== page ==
City considers open beer on Main Street
Waupaca downtown event organizers seek permit
By Angie Landsverk
A new event called the Mini Sputter Open is spurring a request to allow open intoxicants on city streets and public sidewalks.
The request went before the Waupaca Common Council during its July 7 meeting but no action was taken.
Mayor Brian Smith told Brennan Kane, the city’s community and economic development director, to talk to officials from other communities about how they handle such requests before it goes back before the council.
The Mini Sputter Open will be held from 4-9 p.m. Thursday, Aug. 27, in downtown Waupaca.
The nine-hole mini-golf event will take place on Main Street, in front of city hall.
It is being described as a family-friendly event, which will also include potato-themed dishes at several local restaurants, a “tater tot” lot for children’s games, and other potato-related activities.
Business owners will stay open later that day to allow families to shop during the event.
The Mini Sputter Open is the first of two new events scheduled to occur in the downtown area this year.
The city, Waupaca Area Chamber of Commerce and retailers are working together to establish new events to attract more people to visit downtown to eat and shop locally.
The idea is the result of recent downtown visioning efforts and downtown business forums.
Some business owners expressed concerns about how the upcoming reconstruction of Main Street will affect them.
The project is tentatively scheduled for 2018-19.
Kane said they want to start holding new events now in order to make them solid events before the reconstruction occurs.
They want to drive traffic and activity to the area to mitigate any effects during construction, he said.
“Originally, we thought about five events. We decided to start with two,” Kane told the council.
The city does not currently have an ordinance that allows open intoxicants to be consumed on streets or public sidewalks.
“Not all events we’re proposing will be alcohol related,” Kane said.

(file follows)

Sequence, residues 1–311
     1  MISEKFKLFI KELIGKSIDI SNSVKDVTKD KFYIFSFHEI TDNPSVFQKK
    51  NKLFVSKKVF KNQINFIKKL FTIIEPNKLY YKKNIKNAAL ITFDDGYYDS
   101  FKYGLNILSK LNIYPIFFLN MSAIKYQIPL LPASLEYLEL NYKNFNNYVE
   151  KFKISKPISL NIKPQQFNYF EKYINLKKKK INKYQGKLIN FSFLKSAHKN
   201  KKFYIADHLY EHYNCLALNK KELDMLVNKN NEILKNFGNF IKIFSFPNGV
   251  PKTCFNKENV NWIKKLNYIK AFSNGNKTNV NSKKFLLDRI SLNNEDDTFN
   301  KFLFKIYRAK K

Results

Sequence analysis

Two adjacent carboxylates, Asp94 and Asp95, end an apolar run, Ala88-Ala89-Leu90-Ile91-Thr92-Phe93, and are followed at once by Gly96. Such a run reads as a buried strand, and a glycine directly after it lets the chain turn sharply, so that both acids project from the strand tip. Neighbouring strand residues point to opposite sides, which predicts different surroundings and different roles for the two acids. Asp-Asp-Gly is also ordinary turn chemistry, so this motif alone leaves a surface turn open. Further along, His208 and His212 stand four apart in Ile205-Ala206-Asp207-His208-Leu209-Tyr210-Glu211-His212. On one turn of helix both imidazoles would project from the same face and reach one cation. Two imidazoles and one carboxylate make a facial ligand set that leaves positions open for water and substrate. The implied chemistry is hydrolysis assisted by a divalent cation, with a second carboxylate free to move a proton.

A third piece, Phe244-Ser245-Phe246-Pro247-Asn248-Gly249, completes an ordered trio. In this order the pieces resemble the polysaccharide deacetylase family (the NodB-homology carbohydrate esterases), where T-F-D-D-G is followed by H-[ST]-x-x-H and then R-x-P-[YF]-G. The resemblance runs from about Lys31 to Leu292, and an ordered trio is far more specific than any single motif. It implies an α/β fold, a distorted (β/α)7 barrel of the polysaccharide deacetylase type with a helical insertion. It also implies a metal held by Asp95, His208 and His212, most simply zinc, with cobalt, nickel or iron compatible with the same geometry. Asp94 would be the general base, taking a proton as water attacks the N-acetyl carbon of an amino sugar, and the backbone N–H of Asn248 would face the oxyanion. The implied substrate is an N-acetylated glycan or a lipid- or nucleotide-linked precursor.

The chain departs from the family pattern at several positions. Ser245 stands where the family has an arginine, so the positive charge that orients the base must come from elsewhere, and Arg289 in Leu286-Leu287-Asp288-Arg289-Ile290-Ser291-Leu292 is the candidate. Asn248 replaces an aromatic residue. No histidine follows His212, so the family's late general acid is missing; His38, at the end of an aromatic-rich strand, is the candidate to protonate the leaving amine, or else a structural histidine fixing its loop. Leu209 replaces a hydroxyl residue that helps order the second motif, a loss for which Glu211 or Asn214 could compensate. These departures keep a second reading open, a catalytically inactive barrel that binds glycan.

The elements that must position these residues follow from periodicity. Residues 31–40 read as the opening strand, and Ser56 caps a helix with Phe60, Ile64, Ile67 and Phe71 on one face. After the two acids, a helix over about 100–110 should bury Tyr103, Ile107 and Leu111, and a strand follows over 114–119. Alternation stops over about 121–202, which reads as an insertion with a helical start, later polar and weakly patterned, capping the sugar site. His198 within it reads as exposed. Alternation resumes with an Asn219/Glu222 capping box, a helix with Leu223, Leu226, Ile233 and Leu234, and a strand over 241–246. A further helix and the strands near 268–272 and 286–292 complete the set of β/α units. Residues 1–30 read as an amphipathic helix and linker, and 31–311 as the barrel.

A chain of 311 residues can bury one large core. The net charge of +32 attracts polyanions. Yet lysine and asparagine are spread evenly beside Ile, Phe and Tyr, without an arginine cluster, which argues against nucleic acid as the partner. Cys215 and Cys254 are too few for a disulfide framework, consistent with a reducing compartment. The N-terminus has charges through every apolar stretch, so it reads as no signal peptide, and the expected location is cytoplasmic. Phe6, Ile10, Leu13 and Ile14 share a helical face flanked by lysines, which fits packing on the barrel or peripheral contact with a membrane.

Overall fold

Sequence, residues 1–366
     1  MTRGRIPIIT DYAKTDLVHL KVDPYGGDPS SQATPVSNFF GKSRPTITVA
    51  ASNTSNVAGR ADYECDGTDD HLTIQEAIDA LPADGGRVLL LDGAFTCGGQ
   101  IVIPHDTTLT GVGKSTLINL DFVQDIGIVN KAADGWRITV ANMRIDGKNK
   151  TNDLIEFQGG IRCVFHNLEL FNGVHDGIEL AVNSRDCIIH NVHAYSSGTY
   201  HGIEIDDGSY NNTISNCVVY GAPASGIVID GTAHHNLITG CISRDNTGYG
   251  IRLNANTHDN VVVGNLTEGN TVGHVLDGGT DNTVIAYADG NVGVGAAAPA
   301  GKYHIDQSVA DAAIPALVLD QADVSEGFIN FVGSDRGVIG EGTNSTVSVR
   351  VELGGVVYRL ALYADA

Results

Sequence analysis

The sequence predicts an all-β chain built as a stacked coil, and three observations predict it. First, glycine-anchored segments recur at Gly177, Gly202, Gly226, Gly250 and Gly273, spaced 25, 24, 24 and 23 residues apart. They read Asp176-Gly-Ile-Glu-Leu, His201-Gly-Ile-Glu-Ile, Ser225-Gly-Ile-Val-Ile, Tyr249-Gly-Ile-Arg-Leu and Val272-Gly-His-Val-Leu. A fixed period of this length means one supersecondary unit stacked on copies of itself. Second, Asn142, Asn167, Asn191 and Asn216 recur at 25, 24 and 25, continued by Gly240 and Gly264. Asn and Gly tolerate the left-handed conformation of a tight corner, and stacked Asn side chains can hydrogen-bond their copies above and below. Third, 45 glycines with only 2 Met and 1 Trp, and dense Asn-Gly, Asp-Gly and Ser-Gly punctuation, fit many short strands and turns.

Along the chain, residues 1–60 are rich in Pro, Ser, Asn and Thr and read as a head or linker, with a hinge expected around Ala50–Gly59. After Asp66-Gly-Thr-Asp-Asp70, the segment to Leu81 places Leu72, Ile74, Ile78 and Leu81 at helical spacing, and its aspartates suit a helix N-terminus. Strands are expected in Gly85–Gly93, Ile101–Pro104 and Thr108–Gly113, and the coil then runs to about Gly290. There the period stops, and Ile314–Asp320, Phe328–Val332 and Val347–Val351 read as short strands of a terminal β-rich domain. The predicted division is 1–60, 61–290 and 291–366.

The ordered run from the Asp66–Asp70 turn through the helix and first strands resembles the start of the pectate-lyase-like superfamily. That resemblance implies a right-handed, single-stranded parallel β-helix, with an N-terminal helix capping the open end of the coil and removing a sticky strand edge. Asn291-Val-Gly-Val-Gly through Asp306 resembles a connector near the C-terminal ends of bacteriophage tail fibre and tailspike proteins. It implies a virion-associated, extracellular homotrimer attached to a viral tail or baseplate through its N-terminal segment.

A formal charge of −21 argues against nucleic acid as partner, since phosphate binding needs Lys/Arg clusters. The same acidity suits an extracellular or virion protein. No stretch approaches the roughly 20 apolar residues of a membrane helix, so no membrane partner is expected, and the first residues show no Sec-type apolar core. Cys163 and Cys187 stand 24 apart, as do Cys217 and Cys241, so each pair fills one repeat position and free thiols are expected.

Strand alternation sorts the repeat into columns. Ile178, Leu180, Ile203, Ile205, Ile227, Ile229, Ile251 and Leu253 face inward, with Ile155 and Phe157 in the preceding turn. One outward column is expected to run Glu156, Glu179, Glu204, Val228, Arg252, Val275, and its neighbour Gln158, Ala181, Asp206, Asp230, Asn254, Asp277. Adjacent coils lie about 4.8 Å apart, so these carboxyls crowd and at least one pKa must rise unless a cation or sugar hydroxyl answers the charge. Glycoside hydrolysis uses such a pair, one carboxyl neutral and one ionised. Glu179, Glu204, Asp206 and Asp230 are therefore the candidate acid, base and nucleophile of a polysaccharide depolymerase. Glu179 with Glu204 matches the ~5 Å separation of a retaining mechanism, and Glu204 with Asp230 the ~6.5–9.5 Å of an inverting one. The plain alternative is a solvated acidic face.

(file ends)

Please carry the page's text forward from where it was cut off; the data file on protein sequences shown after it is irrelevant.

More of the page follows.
For the Mini Sputter Open, the sale of alcohol would be handled by the city’s Parks and Recreation Department and their volunteers, he said.
Only individuals with wristbands and branded cups would be allowed to drink alcohol within the public area.
Volunteers would manage key intersections and exit points to prohibit people from consuming open intoxicants any further than allowed.
Kane said the concept has been discussed with the Waupaca Police Department, and the group involved in planning the event has agreed to pay for off-duty police officers.
“We will need an ordinance change to do this,” he said. “There are other communities that allow this to occur on a temporary basis. There is language out there.”
Kane said some establishments on Main Street might also request to extend their premises for a temporary basis that night.
Noting the area for children will be on city hall’s front lawn, Ald. Lori Chesnut said she wonders what kind of message they would be sending.
“If someone really needs to drink, they can go in an establishment and get a drink,” she said. “Why is there the need for alcohol now?”
Kane said it was the group’s request.
There are one or two other organizations that sponsor family-oriented events that may also make the request.
Steve Laedtke, a member of the Waupaca Community Arts Board, was at last week’s council meeting and said the group would also like to see this occur during Arts on the Square.
The annual arts festival is being held Friday and Saturday, Aug. 14 and 15, on the city square.
With three stages of music on Saturday, Laedtke said the organization believes it would be a much more relaxed and enjoyable festival if people were “not confined to one area to have a beer.”
In regard to the Aug. 27 Mini Sputter Open, Ald. Dave Peterson said he thinks the alcohol should be kept to a confined area.
City Administrator Henry Veleker said if the area was confined to Main Street, the city would still need to change its ordinance.
Kane said the intent would be to allow it in a public area, with it determined on a case-by-case basis with applications.
The mayor said the city has given permission for alcohol to be served on city streets in the past.
City Attorney John Hart said at Arts on the Square, the beer tent premise has had to be defined in the past.
“There will be lots of kids coming up to play mini-golf,” he said of the Aug. 27 event. “If they don’t come with and stay with their parents, it will be hard to control.”